SportsHandle and friends deliver another round-up of the week’s big developments in US sports betting.

VHS Rental Store In Georgia Accused Of Running Illegal Sports Betting

It’s well known that there’s a robust underground sports betting market in the U.S. In Georgia, authorities recently raided one such alleged operation, which is said to have operated behind a VHS rental store. Those still exist? Maybe Blockbuster could have pivoted.

The state is a ways off from sports betting legalization. Georgia was among the states not seriously contemplating legislation in 2019, the year following the U.S. Supreme Court striking down the federal ban on full-fledged sports wagering outside Nevada.

Thus, running a sports gambling operation remains illegal in the Peach State — with a video rental store, mini-mart, a laundromat as a front, or otherwise. Authorities this month raided the alleged gambling business in Gwinnett County, outside of Atlanta.

Full story here.

Massachusetts Casinos Support Stand-Alone Mobile Sports Betting

Months after a bevy of sports betting bills were filed in Massachusetts, state lawmakers finally heard from stakeholders in a two-day hearing in Boston that started Tuesday. Among the key issues that were discussed,according to WBUR, were what mobile sports betting should look like, if patrons should be allowed to bet on college sports, the state lottery, and how quickly Massachusetts should legalize.

The hearing was held by the Joint Economic Development and Emerging Technology. Nine diverse bills were on the agenda and industry witnesses were invited to testify at the closed hearing.

Full story here.

Sports Betting All But Dead In Louisiana For 2019

Louisiana will not become the next state to legalize sports betting after the House Appropriations Committee on Tuesday voted not a advance a heavily amended version of SB 153. Amendments added on Tuesday would have allowed for sports betting at 2,800 video poker locations across the state and would have mandated the use of official league data.

Bill sponsor Senator Danny Martiny (R-District 10) repeatedly said throughout the process and again on Tuesday that making sports betting an expansion of gaming would kill it. The bill would have required voter approval.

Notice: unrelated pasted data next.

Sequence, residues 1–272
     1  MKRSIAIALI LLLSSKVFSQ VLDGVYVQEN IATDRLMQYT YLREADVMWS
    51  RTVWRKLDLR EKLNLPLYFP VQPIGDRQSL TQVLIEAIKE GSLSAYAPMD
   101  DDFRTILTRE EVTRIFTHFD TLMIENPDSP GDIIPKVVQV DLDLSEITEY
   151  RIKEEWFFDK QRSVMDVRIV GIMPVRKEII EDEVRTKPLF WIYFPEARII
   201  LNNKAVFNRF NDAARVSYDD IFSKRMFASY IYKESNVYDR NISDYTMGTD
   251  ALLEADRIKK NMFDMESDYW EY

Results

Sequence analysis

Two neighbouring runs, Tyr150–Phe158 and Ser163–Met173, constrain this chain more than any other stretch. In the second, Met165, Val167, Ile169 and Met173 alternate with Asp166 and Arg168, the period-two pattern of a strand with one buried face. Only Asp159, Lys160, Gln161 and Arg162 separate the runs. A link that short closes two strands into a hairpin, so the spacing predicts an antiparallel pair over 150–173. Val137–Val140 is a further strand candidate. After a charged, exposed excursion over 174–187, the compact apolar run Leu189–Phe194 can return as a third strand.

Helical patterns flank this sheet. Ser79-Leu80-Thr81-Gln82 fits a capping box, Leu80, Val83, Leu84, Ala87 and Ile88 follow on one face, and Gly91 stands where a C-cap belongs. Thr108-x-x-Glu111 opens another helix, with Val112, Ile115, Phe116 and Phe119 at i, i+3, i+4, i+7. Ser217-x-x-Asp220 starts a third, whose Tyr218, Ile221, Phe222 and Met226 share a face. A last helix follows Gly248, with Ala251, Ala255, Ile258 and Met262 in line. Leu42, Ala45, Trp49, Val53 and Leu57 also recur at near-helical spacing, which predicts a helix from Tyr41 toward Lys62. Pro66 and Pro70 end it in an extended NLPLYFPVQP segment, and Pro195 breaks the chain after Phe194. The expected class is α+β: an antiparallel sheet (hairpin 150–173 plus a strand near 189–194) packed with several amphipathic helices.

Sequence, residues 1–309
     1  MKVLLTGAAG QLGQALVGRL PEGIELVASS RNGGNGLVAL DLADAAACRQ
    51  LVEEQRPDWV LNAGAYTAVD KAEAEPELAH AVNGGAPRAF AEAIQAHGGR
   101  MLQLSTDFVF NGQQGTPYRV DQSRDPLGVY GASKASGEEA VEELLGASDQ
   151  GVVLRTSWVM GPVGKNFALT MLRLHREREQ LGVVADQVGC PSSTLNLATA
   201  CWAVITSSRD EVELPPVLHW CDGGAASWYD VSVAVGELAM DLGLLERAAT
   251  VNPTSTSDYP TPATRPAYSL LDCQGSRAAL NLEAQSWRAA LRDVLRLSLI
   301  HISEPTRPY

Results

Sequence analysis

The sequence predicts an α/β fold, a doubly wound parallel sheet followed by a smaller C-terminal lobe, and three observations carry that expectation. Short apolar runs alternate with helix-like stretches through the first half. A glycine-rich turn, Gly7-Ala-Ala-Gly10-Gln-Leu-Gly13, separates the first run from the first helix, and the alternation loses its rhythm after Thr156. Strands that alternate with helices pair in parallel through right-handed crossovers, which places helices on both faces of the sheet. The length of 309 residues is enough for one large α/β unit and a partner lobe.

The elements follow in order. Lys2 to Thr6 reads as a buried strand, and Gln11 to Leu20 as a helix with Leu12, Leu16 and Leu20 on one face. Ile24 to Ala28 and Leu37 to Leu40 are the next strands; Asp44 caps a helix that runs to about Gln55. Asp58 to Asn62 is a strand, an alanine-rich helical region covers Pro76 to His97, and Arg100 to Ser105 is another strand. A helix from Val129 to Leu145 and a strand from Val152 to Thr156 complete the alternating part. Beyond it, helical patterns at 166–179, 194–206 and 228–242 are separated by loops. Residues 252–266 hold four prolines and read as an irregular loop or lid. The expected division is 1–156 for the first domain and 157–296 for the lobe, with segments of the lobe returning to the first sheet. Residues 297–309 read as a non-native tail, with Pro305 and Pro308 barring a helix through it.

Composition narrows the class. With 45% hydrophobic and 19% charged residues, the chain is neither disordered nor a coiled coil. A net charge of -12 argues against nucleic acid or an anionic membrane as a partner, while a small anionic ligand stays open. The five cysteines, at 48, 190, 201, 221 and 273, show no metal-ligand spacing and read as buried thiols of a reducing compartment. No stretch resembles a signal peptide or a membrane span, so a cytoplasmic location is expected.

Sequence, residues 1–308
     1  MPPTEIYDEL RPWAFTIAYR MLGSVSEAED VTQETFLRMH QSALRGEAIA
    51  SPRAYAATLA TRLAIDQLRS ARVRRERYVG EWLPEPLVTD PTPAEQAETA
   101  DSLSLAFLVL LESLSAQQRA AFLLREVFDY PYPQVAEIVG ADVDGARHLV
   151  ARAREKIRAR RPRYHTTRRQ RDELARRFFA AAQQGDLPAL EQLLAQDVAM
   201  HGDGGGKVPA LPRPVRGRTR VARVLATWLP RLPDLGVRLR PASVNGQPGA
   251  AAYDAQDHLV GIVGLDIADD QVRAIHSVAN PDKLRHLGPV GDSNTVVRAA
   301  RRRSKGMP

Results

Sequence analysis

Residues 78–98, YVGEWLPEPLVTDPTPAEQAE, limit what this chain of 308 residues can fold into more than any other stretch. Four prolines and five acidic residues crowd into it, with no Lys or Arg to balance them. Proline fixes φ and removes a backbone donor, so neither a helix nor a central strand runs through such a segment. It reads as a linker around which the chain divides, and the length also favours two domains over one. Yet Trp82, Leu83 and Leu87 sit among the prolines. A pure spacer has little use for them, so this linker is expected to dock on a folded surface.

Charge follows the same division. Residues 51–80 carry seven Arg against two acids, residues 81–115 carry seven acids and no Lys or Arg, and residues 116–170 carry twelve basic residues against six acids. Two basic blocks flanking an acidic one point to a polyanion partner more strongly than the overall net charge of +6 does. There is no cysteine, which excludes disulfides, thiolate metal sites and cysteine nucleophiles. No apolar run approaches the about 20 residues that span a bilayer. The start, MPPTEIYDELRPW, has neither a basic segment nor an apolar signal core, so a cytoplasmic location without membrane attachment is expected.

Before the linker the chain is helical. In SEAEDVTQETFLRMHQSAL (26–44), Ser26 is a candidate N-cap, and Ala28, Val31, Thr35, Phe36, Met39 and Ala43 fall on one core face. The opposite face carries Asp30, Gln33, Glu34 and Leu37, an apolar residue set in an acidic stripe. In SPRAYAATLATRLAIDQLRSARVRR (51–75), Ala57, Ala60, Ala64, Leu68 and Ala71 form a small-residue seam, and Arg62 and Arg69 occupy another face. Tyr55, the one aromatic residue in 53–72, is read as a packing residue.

“This bill started out very simply and I want to believe that the amendments were well intentioned, but if your intention is to kill the bill” then leave off the amendments, he said in his closing statement.  “This has become an expansion and that was never my intention.”

Full story here.

Play SugarHouse Officially Launches Mobile Sports Betting In Pennsylvania

It took longer than just about anyone expected, but finally, legal online/mobile sports betting has come to Pennsylvania.

Play Sugarhouse, the online brand of the SugarHouse Casino located in Philadelphia’s Fishtown neighborhood, began taking bets at about 4:10 p.m. on Tuesday, May 28 — just over a year after the Supreme Court paved the way for individual states to regulate sports betting, and some 19 months after Pennsylvania Gov. Tom Wolf signed a law in October 2017 that allowed for legal sports betting pending the Supreme Court’s decision.

Full story here.

Another Reality Check Needed For NY Mobile Sports Betting Backers After Cuomo Creates Hope

It would be easy enough to start this story by writing, “New York Governor Andrew Cuomo said in a radio interview on Tuesday that ‘it’s possible’ that mobile sports betting is coming soon.”

After all, Cuomo did say that (just hours, by the way, before Pennsylvania’s first mobile sports betting sitelaunched). But what would be missing is context.

First, here’s the exchange between WAMC radio host Alan Chartock and the governor:

Chartock: “Will New Yorkers be able to legally bet on sports from their cell phones anytime soon?”

Cuomo: “Uh, that’s possible. It’s possible.”

The next sentence, without context, seems mildly encouraging.

Cuomo: “I think the time is short and the list is long, so I would counsel the legislative leaders: Get the priorities done, because these priorities are not easy.”

Full story here.